Making a Positive Impact Together
February 15, 2024 - MoFo Women, MoFo Diversity

Faces of MoFo: Tiarra Rogers Stein

Tiarra Rogers Stein

Editors’ Note: Read about Tiarra Rogers Stein, a San Francisco associate in the firm’s Litigation Department, in the latest installment of our ongoing Faces of MoFo series.

Every day when I was dropped off at school growing up, rather than tell me to be polite to my teachers or to study hard, my father figure always told me to speak my mind and stand up for others if I saw injustice. I come from a family of lifelong protestors and disobedients for civil rights. It was always instilled in me that each of us have a communal duty to speak up and fight for those who can’t, and I carried that with me, knowing I wanted to spend my career giving back to my community and making change in the larger world.

My earliest memories are running from the wild rooster that lived in the sugarcane fields outside the old school bus where I grew up. My mom’s family had lived in Mendocino County for generations, my father had moved to the area from Los Angeles with the CCC before he passed. I had never known anyone to leave the area, but my mom saved up the little she had and took me travelling as a young child, spurring my passion to travel and see the larger world. That opportunity came when I was accepted to Vassar. I was the first one in my family to pursue college directly after high school, and the first to go to graduate school.

College was one of the first times that I was able to find other queer and black community, and it opened my eyes to the shared history and larger community that I was a part of outside of the insular one that I’d had in the Yokayo valley. It was the first place that I was able to explore ideas of gender and sexuality, through drag, through queer and trans history, and within a diverse community that I’d never previously had.

Through college, I worked in film, writing and directing stories about gender rights and raising awareness on gender-based violence. But somewhere between attending a film program in Prague and working on commercials in Seattle, I found that industry was probably not the right fit for what I wanted to do with my life, and I started looking into how else I could use my voice and my skill to help larger communities. I thought about my family, about how I’d seen so many of them go through the prison system without adequate representation, about the opportunity that I’d been afforded as the first one to leave the area and started looking into law school. My desire to practice law crystallized in college after watching civil rights threaten to be further stripped from already marginalized groups in the United States through the 2010s.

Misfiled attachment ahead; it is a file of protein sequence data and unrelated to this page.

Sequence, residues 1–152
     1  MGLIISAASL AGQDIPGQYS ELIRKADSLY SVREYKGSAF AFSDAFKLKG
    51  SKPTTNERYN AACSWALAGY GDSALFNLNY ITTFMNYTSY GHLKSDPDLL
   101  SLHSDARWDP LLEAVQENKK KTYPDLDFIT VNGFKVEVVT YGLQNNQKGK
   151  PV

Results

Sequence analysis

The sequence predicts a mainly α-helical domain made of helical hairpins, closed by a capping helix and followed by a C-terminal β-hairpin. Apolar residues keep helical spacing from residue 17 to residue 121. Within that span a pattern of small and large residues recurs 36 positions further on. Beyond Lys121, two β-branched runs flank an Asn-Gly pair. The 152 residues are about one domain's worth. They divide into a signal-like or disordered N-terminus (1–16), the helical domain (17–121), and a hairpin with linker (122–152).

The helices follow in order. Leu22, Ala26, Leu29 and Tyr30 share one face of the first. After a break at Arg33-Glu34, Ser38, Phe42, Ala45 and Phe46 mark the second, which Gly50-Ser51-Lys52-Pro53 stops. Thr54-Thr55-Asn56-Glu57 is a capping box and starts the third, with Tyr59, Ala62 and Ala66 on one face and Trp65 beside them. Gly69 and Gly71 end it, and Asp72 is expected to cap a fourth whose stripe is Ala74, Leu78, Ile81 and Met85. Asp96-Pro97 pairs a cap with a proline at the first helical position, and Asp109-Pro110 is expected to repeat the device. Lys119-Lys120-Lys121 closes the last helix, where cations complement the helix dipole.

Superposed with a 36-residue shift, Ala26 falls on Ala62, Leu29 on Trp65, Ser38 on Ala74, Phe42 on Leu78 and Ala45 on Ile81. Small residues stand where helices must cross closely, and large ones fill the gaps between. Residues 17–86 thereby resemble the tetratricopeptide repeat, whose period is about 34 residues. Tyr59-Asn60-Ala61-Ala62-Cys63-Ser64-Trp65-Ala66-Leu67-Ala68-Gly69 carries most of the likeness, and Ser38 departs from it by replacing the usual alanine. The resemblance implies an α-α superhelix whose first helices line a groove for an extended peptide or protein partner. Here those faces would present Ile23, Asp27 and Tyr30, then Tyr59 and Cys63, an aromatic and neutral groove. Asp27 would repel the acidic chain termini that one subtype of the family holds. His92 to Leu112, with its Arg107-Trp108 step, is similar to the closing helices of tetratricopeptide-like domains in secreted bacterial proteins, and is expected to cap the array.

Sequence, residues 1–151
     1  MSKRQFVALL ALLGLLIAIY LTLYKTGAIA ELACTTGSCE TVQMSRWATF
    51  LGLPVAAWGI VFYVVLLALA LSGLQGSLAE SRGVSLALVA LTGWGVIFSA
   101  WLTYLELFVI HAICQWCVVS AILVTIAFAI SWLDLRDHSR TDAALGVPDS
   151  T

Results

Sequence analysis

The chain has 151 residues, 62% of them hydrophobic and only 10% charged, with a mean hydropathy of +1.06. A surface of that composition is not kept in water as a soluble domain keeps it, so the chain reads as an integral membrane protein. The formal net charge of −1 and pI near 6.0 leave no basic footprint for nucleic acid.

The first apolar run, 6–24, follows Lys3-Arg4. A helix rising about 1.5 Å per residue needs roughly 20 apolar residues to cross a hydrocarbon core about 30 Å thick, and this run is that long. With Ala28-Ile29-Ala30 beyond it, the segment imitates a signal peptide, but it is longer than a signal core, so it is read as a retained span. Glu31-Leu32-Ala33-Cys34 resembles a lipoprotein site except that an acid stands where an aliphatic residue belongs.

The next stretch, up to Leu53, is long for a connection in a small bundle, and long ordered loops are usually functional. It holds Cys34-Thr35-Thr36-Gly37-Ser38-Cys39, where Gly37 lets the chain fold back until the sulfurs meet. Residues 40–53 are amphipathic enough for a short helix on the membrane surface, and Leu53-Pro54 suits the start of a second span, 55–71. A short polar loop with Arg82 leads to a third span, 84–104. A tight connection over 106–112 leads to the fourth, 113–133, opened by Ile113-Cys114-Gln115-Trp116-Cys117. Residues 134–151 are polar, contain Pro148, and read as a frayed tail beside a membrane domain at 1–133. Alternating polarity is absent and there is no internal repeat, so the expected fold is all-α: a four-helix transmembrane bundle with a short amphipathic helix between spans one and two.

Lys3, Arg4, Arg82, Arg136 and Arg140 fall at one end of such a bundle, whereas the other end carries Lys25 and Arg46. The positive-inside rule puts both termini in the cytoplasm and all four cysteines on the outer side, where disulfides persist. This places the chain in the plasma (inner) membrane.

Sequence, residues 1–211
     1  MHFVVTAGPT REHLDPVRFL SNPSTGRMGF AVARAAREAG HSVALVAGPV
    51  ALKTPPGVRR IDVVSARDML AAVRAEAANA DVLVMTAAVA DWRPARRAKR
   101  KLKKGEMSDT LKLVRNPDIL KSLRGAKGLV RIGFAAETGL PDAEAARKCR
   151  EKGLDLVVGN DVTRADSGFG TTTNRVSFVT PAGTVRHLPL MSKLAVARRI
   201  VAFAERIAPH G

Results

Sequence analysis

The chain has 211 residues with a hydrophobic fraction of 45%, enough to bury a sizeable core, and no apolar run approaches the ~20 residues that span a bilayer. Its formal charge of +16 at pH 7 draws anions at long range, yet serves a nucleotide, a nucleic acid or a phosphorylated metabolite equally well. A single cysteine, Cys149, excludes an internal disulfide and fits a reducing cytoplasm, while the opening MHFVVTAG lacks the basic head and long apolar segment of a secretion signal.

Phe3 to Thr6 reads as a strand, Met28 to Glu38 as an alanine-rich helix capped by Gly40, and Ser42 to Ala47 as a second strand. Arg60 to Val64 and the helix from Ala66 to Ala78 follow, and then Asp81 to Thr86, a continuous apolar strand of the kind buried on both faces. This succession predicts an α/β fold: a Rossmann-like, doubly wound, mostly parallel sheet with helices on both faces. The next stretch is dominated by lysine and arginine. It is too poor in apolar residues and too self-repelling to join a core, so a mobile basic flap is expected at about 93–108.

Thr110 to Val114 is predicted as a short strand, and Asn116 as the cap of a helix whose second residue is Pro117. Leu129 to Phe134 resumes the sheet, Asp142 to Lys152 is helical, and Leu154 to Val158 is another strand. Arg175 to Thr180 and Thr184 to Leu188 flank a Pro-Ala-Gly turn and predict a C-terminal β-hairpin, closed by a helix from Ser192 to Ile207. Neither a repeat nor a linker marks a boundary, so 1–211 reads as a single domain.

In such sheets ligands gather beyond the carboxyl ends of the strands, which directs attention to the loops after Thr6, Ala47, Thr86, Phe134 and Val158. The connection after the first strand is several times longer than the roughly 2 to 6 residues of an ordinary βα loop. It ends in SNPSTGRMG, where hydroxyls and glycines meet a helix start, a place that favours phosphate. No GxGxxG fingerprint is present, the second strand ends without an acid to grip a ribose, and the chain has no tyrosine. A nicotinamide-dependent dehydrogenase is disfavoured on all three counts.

While at Stanford, I was able to continue the advocacy work that I’d set out to do by going to law school. I served on the boards of the Black Law Students Association and First-Gen/Low Income Association and through my time in both, advocated for community policy to create equity in the school and in the legal profession I knew I wanted to enter my career doing work that would continue to support the underserved communities. But by being first gen, there was always the looming financial reality of it all. I knew that I wanted to go to a firm where I could practice robust pro bono in my community, and MoFo was the perfect firm to accomplish that.

While clerking, I was able to be part of the first Pride Celebration at the Northern District of California and work on cases that deeply touched on issues of civil rights.

Through my time at MoFo, I’ve seen the way that they support diversity not only in their staff and lawyers but in their local community as well. During my first litigation associate meeting, the San Francisco office highlighted the pro bono work that they’ve done with the San Francisco AIDs foundation—with a team presenting on ongoing projects with the organization. Every week, I am amazed at the number of calls for associates to work on pro bono projects from impact litigation to clinics supporting direct services. Additionally, I’ve found incredible community and mentorship here at the firm, which truly goes deeper than anywhere that I’ve ever worked before. The mentorship I’ve received from other black members of the firm like Christin Hill to pursue incredibly substantive roles on cases from the beginning of my time at MoFo has been incredible, and I feel so lucky to get to be a part of the community of lawyers that MoFo has fostered.

I didn’t imagine myself here years ago, but I know that I’ve carried the message that my family told me then in everything I do today—to speak my mind and to stand up for others. 

When I’m not at my firm, you’ll always find me running around taking on some new sport or hobby, between rock climbing with Queer Crush, playing weekend dodgeball with other folks from MoFo at a local LGBTQ+ Dodgeball league, pouring through new fantasy novels, or hopping between local indie concerts with my partner.